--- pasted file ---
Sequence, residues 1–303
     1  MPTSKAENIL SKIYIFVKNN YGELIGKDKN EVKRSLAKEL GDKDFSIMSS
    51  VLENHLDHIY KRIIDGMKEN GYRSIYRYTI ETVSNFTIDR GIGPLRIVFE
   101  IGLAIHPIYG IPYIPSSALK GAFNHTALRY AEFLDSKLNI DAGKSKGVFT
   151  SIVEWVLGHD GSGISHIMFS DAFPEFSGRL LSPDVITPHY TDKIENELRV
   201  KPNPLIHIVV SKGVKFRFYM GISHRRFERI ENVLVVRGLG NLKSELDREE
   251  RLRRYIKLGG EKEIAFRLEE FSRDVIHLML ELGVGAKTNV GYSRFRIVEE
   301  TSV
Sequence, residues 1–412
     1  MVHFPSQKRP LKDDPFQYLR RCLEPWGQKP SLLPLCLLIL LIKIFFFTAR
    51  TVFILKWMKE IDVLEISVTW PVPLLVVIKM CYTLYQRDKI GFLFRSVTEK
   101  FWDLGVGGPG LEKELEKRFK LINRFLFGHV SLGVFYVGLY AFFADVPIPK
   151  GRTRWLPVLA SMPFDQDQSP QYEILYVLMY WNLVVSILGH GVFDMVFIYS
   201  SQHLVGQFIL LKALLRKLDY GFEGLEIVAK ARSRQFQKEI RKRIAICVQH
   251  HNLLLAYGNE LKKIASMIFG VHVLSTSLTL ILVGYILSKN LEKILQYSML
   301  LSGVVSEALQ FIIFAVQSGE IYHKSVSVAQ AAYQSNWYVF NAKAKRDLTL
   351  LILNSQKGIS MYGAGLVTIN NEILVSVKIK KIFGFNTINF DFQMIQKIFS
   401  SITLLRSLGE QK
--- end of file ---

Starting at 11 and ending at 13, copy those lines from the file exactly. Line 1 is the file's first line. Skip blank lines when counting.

    51  TVFILKWMKE IDVLEISVTW PVPLLVVIKM CYTLYQRDKI GFLFRSVTEK
   101  FWDLGVGGPG LEKELEKRFK LINRFLFGHV SLGVFYVGLY AFFADVPIPK
   151  GRTRWLPVLA SMPFDQDQSP QYEILYVLMY WNLVVSILGH GVFDMVFIYS